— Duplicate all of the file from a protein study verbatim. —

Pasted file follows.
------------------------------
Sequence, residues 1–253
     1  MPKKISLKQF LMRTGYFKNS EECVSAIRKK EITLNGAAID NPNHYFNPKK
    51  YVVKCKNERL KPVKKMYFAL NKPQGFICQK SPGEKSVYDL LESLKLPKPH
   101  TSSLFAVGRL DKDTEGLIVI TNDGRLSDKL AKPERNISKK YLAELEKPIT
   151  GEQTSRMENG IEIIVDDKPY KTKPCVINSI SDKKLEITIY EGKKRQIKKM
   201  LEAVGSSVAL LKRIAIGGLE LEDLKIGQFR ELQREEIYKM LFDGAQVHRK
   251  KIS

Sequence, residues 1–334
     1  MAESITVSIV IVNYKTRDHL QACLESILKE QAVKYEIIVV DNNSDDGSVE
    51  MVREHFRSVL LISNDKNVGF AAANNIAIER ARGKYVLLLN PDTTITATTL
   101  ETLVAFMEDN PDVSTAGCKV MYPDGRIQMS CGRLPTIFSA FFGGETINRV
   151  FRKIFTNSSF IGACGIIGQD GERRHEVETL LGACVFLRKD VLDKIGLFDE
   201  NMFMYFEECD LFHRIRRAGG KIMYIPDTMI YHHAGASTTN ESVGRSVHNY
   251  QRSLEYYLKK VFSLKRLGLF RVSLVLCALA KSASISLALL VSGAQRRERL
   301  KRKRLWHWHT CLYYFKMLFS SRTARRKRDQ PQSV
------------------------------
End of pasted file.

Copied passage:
Sequence, residues 1–253
     1  MPKKISLKQF LMRTGYFKNS EECVSAIRKK EITLNGAAID NPNHYFNPKK
    51  YVVKCKNERL KPVKKMYFAL NKPQGFICQK SPGEKSVYDL LESLKLPKPH
   101  TSSLFAVGRL DKDTEGLIVI TNDGRLSDKL AKPERNISKK YLAELEKPIT
   151  GEQTSRMENG IEIIVDDKPY KTKPCVINSI SDKKLEITIY EGKKRQIKKM
   201  LEAVGSSVAL LKRIAIGGLE LEDLKIGQFR ELQREEIYKM LFDGAQVHRK
   251  KIS

Sequence, residues 1–334
     1  MAESITVSIV IVNYKTRDHL QACLESILKE QAVKYEIIVV DNNSDDGSVE
    51  MVREHFRSVL LISNDKNVGF AAANNIAIER ARGKYVLLLN PDTTITATTL
   101  ETLVAFMEDN PDVSTAGCKV MYPDGRIQMS CGRLPTIFSA FFGGETINRV
   151  FRKIFTNSSF IGACGIIGQD GERRHEVETL LGACVFLRKD VLDKIGLFDE
   201  NMFMYFEECD LFHRIRRAGG KIMYIPDTMI YHHAGASTTN ESVGRSVHNY
   251  QRSLEYYLKK VFSLKRLGLF RVSLVLCALA KSASISLALL VSGAQRRERL
   301  KRKRLWHWHT CLYYFKMLFS SRTARRKRDQ PQSV